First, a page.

greaseproof architecture since 2000

Queens Wharf gets bitter

entry 4

Another local high profile competition sinks into a brawl?

Brian Rudman at the NZ Herald has been closely following the competition – which has just completed Stage 2. Stage 1 winners were briefed further by ‘technical and design experts’ before being given another 3 weeks to come up with their final, less outrageous submissions. He has penned a number of provocative articles which are lowering the morale amongst the Stage 2 architects and may cause the whole project to be scuttled.

In a recent Rudman article, Auckland Regional Council chair Mike Lee spoke out against the quality of designs last week, saying they were, “lacklustre, underwhelming and mediocre”. He was then was backed up by Auckland Mayor John Banks: “I have not yet jumped to a conclusion that the whole show has been a waste of time, because at the very least, at not very great cost, we have got people thinking of this.” All a bit odd as John and Mike had approved the judge’s selection earlier.

That “not at very great cost” was a slap in the face for the 237 entrants who spent, on average, 32 hours each on their entries. If that sounds like a short time, bear in mind that we (yes I was one) were only given three weeks to do it, most of which was spent trying to untangle the large and contradictory brief.

That brief is also under fire. It was weighed down by prescriptive requirements for a big box cruise ship terminal on the east side, and a 12MB heritage report which gave the distinct impression that at least one of the large old wharf sheds should stay.

Most of the entries take a softly softly approach to the development, aware that time and budget are not on their side. The development has a paltry $47M budget and is due to open in 2011, so most finalists concentrated on the bare essentials and marked off space “for future development”, when there might be some money to spend, and a need to attend to beyond the Rugby World Cup “Party Central”.

Softly softly doesn’t work well with the herald letter writers, who want something ‘world class’ and ‘iconic’ – an example being someone’s proposal for a giant kiwi on the end of the wharf.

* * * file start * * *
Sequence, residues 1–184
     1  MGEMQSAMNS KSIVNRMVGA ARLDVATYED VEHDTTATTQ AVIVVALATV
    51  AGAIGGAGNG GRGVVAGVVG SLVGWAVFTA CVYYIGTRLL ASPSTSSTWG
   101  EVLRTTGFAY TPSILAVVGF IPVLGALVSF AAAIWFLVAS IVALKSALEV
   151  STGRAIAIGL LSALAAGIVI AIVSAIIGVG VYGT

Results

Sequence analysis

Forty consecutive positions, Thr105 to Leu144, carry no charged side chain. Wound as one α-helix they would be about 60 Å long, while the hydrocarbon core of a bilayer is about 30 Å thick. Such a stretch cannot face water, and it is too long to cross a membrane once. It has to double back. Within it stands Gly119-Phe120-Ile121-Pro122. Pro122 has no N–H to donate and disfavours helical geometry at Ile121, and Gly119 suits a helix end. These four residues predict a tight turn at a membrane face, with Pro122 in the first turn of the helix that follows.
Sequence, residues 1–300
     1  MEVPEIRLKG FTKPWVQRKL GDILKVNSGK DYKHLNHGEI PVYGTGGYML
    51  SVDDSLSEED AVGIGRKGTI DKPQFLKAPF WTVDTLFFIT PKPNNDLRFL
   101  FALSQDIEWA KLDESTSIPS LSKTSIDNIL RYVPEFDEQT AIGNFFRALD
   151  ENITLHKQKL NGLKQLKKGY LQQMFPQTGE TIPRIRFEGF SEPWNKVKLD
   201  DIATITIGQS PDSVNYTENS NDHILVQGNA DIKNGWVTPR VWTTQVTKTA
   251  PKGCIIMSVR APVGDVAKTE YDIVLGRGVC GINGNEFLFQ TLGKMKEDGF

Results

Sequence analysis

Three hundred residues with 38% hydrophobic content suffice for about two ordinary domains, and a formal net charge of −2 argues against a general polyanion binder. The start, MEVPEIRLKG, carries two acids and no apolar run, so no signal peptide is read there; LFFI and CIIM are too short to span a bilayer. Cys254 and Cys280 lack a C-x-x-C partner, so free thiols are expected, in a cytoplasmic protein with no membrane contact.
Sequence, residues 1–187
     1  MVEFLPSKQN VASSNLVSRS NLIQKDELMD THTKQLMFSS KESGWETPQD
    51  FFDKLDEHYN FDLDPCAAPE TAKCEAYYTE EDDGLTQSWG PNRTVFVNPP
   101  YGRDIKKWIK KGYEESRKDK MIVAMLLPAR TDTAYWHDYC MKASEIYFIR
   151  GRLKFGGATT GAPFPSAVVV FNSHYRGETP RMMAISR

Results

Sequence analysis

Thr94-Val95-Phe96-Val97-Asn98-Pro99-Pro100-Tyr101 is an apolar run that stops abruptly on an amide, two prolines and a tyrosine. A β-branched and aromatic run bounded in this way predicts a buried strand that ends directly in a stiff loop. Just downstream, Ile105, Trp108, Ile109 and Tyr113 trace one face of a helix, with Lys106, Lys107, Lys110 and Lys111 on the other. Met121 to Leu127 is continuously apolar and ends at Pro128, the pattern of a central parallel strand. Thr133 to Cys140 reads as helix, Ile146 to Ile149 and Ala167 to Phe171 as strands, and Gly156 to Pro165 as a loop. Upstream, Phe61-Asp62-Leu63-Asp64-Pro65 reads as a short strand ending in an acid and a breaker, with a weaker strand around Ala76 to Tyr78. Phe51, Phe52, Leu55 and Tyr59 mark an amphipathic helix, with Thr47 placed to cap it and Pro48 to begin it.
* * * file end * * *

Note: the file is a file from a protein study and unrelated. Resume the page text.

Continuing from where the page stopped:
Rudman also questions why the Posts of Auckland come out of this so well – they sell the crumbling wharf (1860/1908) to the public for $40M on the condition that the public spend another $27M building a cruise terminal on it for them. Sounds like a deal! But this was known before the competition so why bring it up now?

Some are now questioning why Auckland needs a new cruise terminal for idly rich american geriatrics who are advised to eat on board lest they pick up a tummy bug, when one was built for them in the late ’80s. But that leaky development – Princes Wharf, was so jammed full of hotels, restaurants, and offices, that today’s larger ships can no longer be effectively serviced (and they block the view).

If a final winner is selected from the final eight (final seven really as two are the same design by the same architects), we will find out in less than a week. If you’re in Auckland, pop down to Quay Street to see the entries – the room was empty when I visited.

The NZIA is noticeably mute on the issue – many of its spokespeople are involved with the final entries.

Dushko Bogunovich’s take

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Posted by Peter on 03.11.09 in 



i’m over looking at drawings with the same cut out happy people running around in them. who would have thought computers would be lamer than airbrushes. pull the plug.

by hairdresser on 09.11.03, 10:46 pm ·#

I’m not sure cutout people are terribly happy with their lot.

by peter on 09.11.03, 11:59 pm ·#

01 looks like centrelink & 08 looks like somebody ripping centrelink off.
that’d be novel.

by hairdresser on 09.11.04, 12:51 am ·#

Methinks 1 and 8 are the same architects. 1 is for now, 8 is for later.

by peter on 09.11.04, 11:30 pm ·#

Mayor Banks halts development due to lack of “wow” factor.


by peter on 09.11.06, 03:41 pm ·#

This could be fixed with one demolition drawing.
(Deletion is a reasonable proposition)

by luke on 09.11.08, 11:27 am ·#

Rudman rubs some sea salt into architects’ wounds, lets pollies & judges off scot free.

“No doubt there’ll be lots of excuses from the design gurus about the inadequacy of the brief, the shortage of preparation time and the stinginess of the budget.

All of which is true. But all these shortcomings were obvious from the day the contest was announced. That’s when the heavyweights of the architectural world should have spoken out, should have boycotted the exercise.”

Righto. So architects who give a damn about the waterfront should have boycotted the comp – leaving it to those who don’t? This mess will leave such a foul taste in mouths about town that the Auckland City will be lucky to get any gratis design advice from architects again.


by peter on 09.11.10, 05:01 pm ·#

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